Healthy Reefs Make More Baby Corals
Photo: Kristen Marhaver
A new study found that healthy reef coral populations are an important source of the next generation of corals. The study, published in Conservation Letters reports that healthy coral populations produced more offspring per square meter than nearby degraded reef sites.
The authors of this study measured live coral cover as a metric of the health on 6 reef sites on the island of Curacao in the Caribbean. Three of the sites were located in an undeveloped area of the island while the other three were in an urban area with higher human impact. The researchers then measured fecundity of parental coral colonies by counting the number of larvae released from three different species of corals at each site. They found that coral parents from healthier reef communities produced about four times more larvae per square centimeter area of tissue than parents from the degraded sites. This translates to more than 200 times more larvae per square meter of healthy reef area. Interestingly, these parents also released higher quality larvae with more lipid energy reserves.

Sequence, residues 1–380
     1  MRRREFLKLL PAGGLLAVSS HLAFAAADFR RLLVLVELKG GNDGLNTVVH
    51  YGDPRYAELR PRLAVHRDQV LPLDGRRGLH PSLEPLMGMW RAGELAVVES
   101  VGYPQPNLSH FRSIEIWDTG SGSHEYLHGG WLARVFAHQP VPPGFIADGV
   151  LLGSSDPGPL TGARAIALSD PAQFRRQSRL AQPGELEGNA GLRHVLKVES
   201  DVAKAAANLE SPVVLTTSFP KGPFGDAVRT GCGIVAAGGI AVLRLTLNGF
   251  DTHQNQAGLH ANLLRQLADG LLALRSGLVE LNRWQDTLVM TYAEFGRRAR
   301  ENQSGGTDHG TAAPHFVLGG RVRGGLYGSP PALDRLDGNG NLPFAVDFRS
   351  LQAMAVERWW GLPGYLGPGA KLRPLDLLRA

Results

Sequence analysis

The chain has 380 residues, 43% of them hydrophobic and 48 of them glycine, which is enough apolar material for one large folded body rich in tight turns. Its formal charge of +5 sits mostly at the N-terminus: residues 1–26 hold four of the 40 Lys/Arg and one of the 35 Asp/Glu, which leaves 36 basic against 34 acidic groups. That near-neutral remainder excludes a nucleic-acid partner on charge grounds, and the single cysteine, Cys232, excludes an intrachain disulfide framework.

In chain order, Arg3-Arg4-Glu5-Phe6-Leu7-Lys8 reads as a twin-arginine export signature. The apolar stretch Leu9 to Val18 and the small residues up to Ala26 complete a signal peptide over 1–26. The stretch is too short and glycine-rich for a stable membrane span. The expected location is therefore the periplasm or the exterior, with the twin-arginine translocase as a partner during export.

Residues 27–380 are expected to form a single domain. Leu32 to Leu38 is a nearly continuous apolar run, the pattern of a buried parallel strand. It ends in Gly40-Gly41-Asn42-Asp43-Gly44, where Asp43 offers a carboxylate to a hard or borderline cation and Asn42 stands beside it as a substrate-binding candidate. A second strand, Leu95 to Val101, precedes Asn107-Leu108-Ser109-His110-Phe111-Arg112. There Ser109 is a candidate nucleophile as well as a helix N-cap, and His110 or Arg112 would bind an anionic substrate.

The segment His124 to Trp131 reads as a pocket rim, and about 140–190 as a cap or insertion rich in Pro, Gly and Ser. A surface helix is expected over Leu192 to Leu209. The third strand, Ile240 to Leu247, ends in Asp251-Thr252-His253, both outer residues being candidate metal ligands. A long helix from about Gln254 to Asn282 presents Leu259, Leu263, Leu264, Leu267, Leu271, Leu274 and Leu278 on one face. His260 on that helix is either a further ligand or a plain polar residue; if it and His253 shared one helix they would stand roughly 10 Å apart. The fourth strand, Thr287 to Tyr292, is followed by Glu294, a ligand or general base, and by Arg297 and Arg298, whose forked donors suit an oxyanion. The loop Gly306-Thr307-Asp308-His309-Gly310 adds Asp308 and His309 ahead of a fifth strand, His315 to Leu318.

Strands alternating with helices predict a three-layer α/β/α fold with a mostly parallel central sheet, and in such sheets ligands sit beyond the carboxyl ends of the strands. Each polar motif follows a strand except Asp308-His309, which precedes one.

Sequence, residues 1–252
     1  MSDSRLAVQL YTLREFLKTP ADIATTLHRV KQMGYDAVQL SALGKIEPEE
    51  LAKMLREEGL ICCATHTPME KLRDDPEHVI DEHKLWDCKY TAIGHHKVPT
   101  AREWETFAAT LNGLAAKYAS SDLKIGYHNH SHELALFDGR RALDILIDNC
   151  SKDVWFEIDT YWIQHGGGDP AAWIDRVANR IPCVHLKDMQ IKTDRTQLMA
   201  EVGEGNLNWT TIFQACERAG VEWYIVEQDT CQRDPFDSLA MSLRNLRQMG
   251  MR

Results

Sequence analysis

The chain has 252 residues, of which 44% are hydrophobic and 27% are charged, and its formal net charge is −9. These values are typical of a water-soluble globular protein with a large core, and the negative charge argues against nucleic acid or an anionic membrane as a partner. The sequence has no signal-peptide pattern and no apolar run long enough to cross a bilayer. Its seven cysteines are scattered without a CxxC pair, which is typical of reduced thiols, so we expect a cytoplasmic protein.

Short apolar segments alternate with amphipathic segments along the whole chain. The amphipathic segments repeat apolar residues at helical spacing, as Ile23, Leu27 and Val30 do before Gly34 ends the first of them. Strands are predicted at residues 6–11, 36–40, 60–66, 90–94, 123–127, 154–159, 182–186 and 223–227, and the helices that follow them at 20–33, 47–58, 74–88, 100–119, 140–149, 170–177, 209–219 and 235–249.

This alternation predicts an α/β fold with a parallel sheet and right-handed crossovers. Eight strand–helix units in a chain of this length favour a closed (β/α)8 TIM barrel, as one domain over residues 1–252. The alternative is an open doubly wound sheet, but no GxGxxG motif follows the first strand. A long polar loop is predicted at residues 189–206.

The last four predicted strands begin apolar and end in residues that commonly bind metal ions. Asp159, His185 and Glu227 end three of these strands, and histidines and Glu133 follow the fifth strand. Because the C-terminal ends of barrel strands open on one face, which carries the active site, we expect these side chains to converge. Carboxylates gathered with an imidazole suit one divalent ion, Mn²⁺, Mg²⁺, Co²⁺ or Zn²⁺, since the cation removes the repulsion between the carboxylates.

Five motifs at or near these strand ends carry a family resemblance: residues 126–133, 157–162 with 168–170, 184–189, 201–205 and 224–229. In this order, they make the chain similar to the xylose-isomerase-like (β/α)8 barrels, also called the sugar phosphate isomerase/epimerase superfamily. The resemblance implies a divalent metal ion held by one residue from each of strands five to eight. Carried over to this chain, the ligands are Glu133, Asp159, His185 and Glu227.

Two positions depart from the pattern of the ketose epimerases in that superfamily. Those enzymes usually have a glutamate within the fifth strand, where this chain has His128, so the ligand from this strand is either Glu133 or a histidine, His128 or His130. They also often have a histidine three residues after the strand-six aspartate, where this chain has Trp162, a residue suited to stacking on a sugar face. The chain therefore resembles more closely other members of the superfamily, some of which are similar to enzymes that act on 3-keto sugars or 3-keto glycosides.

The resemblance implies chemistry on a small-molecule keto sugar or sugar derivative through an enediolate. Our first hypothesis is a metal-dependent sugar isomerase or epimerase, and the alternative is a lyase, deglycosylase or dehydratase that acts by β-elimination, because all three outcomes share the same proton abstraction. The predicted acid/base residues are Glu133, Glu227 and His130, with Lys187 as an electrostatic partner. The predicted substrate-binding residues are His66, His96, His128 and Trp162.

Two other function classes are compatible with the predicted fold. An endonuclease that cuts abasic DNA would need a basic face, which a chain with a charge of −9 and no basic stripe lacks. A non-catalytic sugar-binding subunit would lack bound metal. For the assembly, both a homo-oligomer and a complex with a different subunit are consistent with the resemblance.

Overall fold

This study highlights that reproduction is not necessarily proportional to the coral cover on a reef, but rather than healthy populations play a very large role in producing coral offspring. Therefore, the ecological value of these remaining healthy reef communities may have been underestimated in the past.
Aaron C. Hartmann, Kristen L. Marhaver, Mark J. A. Vermeij. Corals in Healthy Populations Produce More Larvae Per Unit Cover. Conservation Letters, 2017; DOI: 10.1111/conl.12410